The Personal Impact of Representation

This is Taylor Mason, a character from the tv series Billions. Even though I’ve never even seen the show, Taylor is important to me. Let me tell you why.

Screenshot from the tv show Billions featuring Taylor Mason, an androgynous person with very pale skin and shaved head, who is wearing a blue shirt and a dark blue cardigan
Taylor Mason from Billions

I once had this conversation with a game developer who said, paraphrased, “I just don’t understand why we need to make LGBTQ stuff a thing? Like, if it’s a game that’s about war, why should a charater’s sexuality matter at all? Or if they’re trans. Why make a big deal of it?”

There was nothing whiny or disingenuous about the question; he simply didn’t understand. And I struggled to explain, then, why representation matters. I struggled to explain it because at that point, I hadn’t really experienced what it’s like to actually feel represented, and what an impact that can have.

Some time later, an ad showed up in my facebook feed, featuring Taylor Mason. It wasn’t the photo above, but one similar to it. There was nothing about it suggesting the person in the photo was anything but male. I’m so used to everyone on tv being one of two genders that when I first saw it, I thought I was looking at a young man with a rather unusual hair style (considering the setting is wall street). And maybe a week later, another ad showed up, featuring a photo more like this one:

Screenshot from the tv show Billions featuring Taylor Mason, an androgynous person with very pale skin and shaved head, who is wearing a blue checkered shirt, a dark blue blazer, and grey dress pants. They are standing with their hands on their hips, looking determined.
I imagine they’re determined to be taken seriously

That body shape. The hips, the hint of breasts. But there’s not a smidge of femininity about this person! My heart skipped a beat. Could it be they’re trans? I had to find out. A quick google:

Not only is Taylor Mason transgender, they’re non-binary. And, they’re played by an actor who also identifies as non-binary!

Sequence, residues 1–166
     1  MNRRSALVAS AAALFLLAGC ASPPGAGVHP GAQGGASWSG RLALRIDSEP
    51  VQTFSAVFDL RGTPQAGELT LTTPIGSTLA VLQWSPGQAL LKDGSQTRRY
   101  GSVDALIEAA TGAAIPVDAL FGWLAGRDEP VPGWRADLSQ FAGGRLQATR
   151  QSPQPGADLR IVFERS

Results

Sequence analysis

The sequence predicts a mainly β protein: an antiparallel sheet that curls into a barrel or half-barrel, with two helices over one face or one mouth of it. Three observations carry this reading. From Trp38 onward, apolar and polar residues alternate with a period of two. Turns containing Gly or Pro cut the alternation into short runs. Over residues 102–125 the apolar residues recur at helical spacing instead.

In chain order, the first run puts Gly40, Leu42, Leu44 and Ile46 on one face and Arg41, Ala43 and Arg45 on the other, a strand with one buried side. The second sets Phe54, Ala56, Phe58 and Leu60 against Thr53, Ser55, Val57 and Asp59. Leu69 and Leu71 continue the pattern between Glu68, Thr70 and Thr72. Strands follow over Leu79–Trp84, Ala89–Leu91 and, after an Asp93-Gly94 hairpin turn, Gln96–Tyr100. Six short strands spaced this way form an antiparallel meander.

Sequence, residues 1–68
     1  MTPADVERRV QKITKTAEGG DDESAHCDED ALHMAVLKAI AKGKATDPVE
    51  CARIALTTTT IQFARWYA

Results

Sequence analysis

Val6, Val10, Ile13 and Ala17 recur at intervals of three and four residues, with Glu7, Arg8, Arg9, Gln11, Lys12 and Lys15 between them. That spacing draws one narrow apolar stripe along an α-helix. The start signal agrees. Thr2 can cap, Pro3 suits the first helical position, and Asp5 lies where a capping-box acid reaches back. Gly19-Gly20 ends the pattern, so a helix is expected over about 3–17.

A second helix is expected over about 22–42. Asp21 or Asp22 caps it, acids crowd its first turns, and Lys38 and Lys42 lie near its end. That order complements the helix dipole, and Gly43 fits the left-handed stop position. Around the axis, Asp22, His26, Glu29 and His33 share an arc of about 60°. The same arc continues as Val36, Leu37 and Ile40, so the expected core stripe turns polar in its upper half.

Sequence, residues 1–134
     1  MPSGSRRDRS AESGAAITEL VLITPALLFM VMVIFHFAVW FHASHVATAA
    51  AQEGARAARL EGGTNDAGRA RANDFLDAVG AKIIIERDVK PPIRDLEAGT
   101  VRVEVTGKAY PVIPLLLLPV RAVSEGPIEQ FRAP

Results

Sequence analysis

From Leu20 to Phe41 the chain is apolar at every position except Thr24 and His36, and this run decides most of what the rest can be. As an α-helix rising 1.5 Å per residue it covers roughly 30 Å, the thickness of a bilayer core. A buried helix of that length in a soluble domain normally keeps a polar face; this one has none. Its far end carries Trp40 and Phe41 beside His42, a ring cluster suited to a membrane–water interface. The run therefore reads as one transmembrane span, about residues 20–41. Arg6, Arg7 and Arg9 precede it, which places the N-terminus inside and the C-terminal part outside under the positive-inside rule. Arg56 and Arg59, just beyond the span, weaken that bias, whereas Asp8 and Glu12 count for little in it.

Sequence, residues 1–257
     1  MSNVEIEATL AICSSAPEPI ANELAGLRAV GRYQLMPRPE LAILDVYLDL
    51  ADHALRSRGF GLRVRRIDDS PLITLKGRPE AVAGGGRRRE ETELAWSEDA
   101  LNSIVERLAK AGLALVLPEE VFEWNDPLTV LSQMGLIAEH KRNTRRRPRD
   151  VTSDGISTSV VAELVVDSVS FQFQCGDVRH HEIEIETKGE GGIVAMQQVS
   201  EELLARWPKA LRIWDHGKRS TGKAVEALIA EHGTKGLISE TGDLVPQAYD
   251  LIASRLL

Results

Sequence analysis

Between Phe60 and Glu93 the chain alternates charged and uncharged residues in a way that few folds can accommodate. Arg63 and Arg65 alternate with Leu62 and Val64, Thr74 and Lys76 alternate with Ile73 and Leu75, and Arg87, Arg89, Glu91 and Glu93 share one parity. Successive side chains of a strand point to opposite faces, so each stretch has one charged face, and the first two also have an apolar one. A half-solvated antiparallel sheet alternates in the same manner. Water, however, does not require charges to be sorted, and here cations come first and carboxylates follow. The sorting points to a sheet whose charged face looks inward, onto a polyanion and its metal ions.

Holy fucking hell. There exists a character in a tv show — a tv show that isn’t about LGBTQ issues or people — that shares my hair style, some aspects of my dress sense, and most importantly, who also is non-binary.

Now, I haven’t watched Billions. The series doesn’t interest me at all. So I’ve no idea who Taylor is. Maybe they’re a shitty person, or a shitty representation of non-binary people. Maybe their portrayal is hugely problematic for a number of reasons. I have no idea, and honestly, I don’t care. I’m happy simply knowing that someone decided to include a non-binary character in this series. That they know people like me exist.

Hi, I exist! (Growing my hair out now, but this is pretty much what I’ve looked like this spring.)

It feels incredibly validating, in a way I’ve never quite experienced before. For most of my life I have (somewhat reluctantly) identified as female, and sure, it’s nice to see female characters in roles where you don’t normally see them. But this is a whole different thing. People who’ve watched the show and then learn of my gender identity can think “Oh, like Taylor in Billions!” People who know me and then watch the show can think, “Oh, like Alex!”

Representation tells those of us who diverge from the norm that others are aware we exist. It makes us feel validated, less invisible. Hell, it can even help us realise we exist. In a world where you grow up being told you can either be red or blue, how are you supposed to figure out on your own that you’re a kind of greenish purple?

I can’t help but wonder: If I had watched a show like Billions in my teens — if, say, Ally McBeal (which my family followed religiously) had featured a non-binary character — would I perhaps have discovered and embraced my lack of gender identity much sooner? Instead of having to go this long, meandering and sometimes painful (though sometimes also triumphant) route of first having to claim femininity as my own, only then feeling secure enough to eschew it.

I hope more characters like Taylor start appearing in pop culture. Until then, I’ll do my part by being as visible as I can.

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